Refactoring Perl code
Refactoring is the task of changing code to make it more readable, more maintainable, while not changing it's behavior at all.
The simplest example I usually give is that of changing a variable name to be meaningful.
We all know that naming things is really hard so when we write code and we read in some data we can easily start using meaningless variables. For example $x, $data, or $temp. We might finish our implementation, the code starts doing what we expected it to do, but we still have these meaningless variables.
When a few days or month later we need to come back to make changes we'll be baffled by the meaning of these variables.
It is better to change them to something meaningful to make it easier to read and understand the code.
The process of these changes is called refactoring. In this series of articles we are going to see how to do that.
There are many tasks we need to do before and during refactoring. Let's list a few that later will tackle.
- Write unit and integration tests.
- Set up Continuous Integration (CI) to run the tests.
- Check and monitor code coverage of your tests.
- Use Perl::Critic to locate areas that need improvement.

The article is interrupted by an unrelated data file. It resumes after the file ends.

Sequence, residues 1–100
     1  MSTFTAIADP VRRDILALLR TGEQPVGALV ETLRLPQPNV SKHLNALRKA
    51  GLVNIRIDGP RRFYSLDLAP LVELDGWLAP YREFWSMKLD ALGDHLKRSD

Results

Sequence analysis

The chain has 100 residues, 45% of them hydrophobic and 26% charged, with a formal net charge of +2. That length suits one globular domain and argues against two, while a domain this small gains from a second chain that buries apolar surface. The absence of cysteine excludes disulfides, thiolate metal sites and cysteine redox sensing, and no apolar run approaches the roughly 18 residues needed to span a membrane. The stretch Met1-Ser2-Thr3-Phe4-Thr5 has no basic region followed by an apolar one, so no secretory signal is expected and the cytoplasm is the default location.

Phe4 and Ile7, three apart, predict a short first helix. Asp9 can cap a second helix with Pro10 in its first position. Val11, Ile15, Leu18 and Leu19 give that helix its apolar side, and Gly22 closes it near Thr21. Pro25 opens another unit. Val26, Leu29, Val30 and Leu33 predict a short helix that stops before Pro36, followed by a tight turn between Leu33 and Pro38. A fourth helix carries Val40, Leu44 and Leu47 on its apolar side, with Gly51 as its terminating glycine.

- Go over all the .pl and .pm files in a given directory and list all the functions declared in all the files (Limitations of this approach).
- List all the functions that are *not called* in any other file. (What about function called from other projects?)
- Explicit import: Replace the "use Module;" statement by a "use Module qw(func1 func2 func3);" statement in every file listing only the functions that are use in that file.
- Renaming a variable. Making sure we only replace based on scope and not based on text so if we have the same variable name used in two functions, or even just two blocks, we will replace only the selected one of them.
- Rename a function and all the places it is being called.
- Extract subroutine: Take a selected set of lines of code, move them to a newly created function. Place a function call instead of the code we moved. Make sure the variables used in the function are passed in as parameters.
Some of the tools that can be used for refactoring Perl code.
- The Markua parser series and the Markua in Perl eBook contains a good description of the process of writing tests, monitoring test coverage and refactoring code. These practices are introduced right from the beginning of the project so it is somewhat different than starting this process on an existing code base, but it can teach you good practices.
- Benchmark: Refactoring MD5 calculation in Rex is more about checking the speed of the results of a refactoring than the refactoring itself.
- In the Dancer series we also have an article on Refactoring Dancer 2 app.
- In the Testing with Perl series we have an article on Refactoring large test suite.
- In the Becoming a co-maintainer of a CPAN-module series we Refactor the tests to use Test::More.
- In the Indexing e-mails in an mbox series we are Refactoring the script and add logging.